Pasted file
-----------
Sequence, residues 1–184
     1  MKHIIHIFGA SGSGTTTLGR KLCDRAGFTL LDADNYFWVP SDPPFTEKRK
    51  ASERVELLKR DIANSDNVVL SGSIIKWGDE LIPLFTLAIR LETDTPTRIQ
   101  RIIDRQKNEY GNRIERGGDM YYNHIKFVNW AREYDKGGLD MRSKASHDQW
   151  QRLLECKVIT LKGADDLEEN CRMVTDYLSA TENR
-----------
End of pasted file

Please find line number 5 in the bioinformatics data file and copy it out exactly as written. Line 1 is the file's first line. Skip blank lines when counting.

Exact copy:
   151  QRLLECKVIT LKGADDLEEN CRMVTDYLSA TENR